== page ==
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Euro Drops as Volatility Falls to Lowest in 15 Months; Kiwi Gain

March 11 (Bloomberg) -- The euro fell, snapping a three-day rally, as a gauge of expected currency volatility declined to the lowest in almost 15 months amid the standoff between Ukraine and Russia over the Crimea region.

The gauge of price swings dropped for a second day as Ukraine’s prime minister prepared to meet U.S. President Barack Obama and western nations threatened repercussions if Russia failed to defuse tensions. The euro fell after European Central Bank Vice President Vitor Constancio said the market hadn’t fully understood the central bank’s communication. New Zealand’s dollar strengthened as economists predicted the central bank will raise interest rates at a policy meeting this week.

“Developments in Ukraine and Russia haven’t really impacted the Group of 10 currencies so much,” said Bilal Hafeez, global head of foreign-exchange strategy at Deutsche Bank AG in London. “Overall foreign-exchange activity is quite low and the major currencies aren’t really going anywhere.”

Deutsche Bank AG’s Currency Volatility Index, based on three-month implied volatility on nine major currency pairs, fell 15 basis points, or 0.15 percentage point, to 7.12 percent at 7:47 a.m. in New York, the lowest since December 2012.

The euro fell 0.2 percent to $1.3852 after rising to $1.3915 on March 7, the highest level since October 2011. The shared currency weakened 0.1 percent to 143.11 yen. The yen was little changed at 103.28 per dollar.

Combat Readiness

Ukraine’s armed forces are testing the combat readiness of troops, the Defense Ministry said yesterday on its website, reiterating the government’s desire for a peaceful end to the standoff in the former Soviet republic’s eastern provinces.

Russia, which has vowed to defend the ethnic Russians that dominate Crimea after an uprising in Kiev, accused Ukraine of ignoring radicals in the nation’s east.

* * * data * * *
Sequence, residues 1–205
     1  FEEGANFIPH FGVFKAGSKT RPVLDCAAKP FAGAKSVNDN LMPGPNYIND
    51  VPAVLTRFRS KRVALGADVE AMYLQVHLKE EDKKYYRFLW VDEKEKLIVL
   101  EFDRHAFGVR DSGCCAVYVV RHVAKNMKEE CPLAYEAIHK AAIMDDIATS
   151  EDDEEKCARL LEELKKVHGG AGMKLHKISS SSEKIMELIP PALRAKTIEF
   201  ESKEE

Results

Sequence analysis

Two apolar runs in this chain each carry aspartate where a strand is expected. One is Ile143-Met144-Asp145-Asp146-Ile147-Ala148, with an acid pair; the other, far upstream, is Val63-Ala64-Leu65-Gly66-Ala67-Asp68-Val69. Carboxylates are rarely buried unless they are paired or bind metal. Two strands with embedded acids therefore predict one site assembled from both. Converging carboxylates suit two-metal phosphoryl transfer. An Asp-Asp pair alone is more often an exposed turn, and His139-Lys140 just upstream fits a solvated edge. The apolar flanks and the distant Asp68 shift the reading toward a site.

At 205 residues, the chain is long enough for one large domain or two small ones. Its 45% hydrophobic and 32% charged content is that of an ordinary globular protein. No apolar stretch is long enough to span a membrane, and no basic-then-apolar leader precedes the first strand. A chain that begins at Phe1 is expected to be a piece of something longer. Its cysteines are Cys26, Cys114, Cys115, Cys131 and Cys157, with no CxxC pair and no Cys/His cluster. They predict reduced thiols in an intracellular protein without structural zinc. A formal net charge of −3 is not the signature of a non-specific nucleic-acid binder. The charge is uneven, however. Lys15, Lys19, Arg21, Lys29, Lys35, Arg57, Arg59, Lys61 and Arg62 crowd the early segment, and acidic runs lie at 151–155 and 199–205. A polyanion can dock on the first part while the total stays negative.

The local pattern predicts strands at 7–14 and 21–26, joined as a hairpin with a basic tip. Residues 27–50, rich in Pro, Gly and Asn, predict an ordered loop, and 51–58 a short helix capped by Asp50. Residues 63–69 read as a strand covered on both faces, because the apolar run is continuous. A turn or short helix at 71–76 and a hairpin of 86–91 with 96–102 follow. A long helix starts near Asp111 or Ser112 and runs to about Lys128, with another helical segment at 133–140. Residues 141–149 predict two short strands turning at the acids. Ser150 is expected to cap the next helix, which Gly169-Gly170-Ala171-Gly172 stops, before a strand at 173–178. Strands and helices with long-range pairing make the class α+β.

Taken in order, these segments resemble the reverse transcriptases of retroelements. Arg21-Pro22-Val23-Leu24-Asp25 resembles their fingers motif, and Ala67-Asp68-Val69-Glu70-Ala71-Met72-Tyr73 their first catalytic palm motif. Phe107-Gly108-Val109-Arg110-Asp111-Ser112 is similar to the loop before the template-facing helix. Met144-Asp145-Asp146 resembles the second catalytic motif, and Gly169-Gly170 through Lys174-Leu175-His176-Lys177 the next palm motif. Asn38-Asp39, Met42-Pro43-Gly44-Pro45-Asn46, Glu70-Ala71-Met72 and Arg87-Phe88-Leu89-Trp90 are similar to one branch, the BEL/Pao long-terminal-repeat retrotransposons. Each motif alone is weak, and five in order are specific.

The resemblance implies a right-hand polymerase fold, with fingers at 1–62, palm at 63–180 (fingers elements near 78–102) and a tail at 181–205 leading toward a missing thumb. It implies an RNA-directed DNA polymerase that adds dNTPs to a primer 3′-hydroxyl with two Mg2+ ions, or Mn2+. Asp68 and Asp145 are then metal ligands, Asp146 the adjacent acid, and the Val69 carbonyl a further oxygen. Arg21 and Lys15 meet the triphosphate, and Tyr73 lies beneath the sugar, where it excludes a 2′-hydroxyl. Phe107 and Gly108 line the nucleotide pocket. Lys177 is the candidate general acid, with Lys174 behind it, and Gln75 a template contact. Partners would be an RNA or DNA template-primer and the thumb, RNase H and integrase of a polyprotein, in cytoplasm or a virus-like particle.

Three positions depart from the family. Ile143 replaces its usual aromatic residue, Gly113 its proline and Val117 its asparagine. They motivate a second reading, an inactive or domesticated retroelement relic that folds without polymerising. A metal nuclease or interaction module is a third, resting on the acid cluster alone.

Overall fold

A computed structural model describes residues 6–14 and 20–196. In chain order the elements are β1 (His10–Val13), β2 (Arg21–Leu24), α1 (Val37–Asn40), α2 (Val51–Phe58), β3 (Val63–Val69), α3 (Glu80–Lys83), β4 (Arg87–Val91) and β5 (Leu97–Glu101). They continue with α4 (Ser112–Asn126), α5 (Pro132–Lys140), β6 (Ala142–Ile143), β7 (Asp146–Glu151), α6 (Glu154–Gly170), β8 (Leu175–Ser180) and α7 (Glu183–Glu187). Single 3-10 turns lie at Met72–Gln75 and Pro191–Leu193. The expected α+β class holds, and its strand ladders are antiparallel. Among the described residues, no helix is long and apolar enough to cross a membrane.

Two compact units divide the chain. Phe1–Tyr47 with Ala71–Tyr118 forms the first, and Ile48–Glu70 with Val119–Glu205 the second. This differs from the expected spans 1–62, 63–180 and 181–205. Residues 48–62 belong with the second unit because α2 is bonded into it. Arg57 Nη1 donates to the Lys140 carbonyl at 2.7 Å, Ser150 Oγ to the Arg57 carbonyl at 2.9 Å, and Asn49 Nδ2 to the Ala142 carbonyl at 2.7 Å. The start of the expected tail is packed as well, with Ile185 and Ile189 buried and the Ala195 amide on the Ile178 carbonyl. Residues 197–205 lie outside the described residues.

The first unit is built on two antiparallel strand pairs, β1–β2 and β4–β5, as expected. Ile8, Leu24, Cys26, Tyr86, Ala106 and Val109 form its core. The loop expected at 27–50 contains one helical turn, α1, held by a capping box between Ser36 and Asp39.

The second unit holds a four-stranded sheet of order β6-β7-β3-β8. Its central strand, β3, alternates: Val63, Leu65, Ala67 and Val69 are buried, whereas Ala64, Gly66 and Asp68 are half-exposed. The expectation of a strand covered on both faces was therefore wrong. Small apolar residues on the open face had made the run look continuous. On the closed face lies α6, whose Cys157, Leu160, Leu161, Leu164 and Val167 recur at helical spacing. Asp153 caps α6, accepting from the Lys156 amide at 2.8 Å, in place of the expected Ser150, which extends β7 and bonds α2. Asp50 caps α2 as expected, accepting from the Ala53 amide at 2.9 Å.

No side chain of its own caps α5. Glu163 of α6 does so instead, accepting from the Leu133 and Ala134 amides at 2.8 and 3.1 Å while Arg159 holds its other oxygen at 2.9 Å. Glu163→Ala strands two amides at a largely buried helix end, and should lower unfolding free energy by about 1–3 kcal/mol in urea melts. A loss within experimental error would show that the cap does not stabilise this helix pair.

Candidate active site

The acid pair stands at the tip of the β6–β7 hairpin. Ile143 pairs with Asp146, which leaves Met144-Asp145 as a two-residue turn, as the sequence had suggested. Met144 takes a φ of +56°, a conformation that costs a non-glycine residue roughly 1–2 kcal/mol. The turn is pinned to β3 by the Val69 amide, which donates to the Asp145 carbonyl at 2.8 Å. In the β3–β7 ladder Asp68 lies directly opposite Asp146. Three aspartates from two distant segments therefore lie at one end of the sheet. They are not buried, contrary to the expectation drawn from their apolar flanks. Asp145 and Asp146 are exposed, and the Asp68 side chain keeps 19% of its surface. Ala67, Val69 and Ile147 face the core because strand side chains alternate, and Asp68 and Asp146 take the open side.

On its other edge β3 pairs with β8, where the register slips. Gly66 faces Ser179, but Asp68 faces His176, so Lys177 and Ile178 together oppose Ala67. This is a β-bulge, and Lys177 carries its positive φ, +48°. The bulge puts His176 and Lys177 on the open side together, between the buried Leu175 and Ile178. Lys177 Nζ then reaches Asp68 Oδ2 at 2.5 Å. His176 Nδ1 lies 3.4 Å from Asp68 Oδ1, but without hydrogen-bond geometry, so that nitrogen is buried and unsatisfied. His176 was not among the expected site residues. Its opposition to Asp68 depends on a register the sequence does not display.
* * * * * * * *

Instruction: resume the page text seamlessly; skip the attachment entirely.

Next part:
JPMorgan Chase & Co.’s G7 Volatility Index dropped to 7.33 percent, the least since December 2012.

The euro dropped versus 14 of its 16 major counterparts as Constancio was reported by Market News International as saying comments made by ECB President Mario Draghi at the central bank’s policy meeting “were not taken in completely.”

“Another element in the statement of the president that was not picked up by analysts and the markets” was “the statement that indeed our forward guidance regarding stable or lower rates is seen as a guidance that goes beyond a simple improvement in the situation,” he was quoted a saying.

ECB Decision

The euro rallied last week as ECB policy makers left interest rates on hold at a record low 0.25 percent on March 6 and said inflation will quicken toward the central bank’s 2 percent target in 2016.

“The ECB is sending us a signal that the markets have, again, misunderstood the message that the governing council was trying to convey,” Valentin Marinov, head of European Group- of-10 currency strategy at Citigroup Inc. in London, wrote in a research note. “This could mean that the euro may have to pare the gains we saw in the immediate aftermath of the meeting.”

New Zealand’s dollar rose for a second day before the Reserve Bank announces its rate decision on Thursday. Policy makers will increase the Official Cash Rate to 2.75 percent from 2.5 percent, according to a Bloomberg survey of economists.

The kiwi advanced 0.1 percent to 84.78 U.S. cents after climbing to 85.23 cents on March 7, the highest since Oct. 22.

The yen was little changed after the Bank of Japan reiterated it will maintain monetary stimulus.

The BOJ kept its pledge to expand the money supply at a pace of 60 trillion yen to 70 trillion yen a year, in line with all but one forecast in a Bloomberg survey of 34 economists.

“It would have been a massive surprise if the Bank of Japan did something today, and hence the dollar-yen has been pretty stable,” said Greg Gibbs, head of Asia Pacific markets strategy at Royal Bank of Scotland Group Plc in Singapore. “We’ve still got a rates-on-hold strategy from the major central banks, and while rates are on hold, it’s a reason you could see currencies trade in narrower ranges.”

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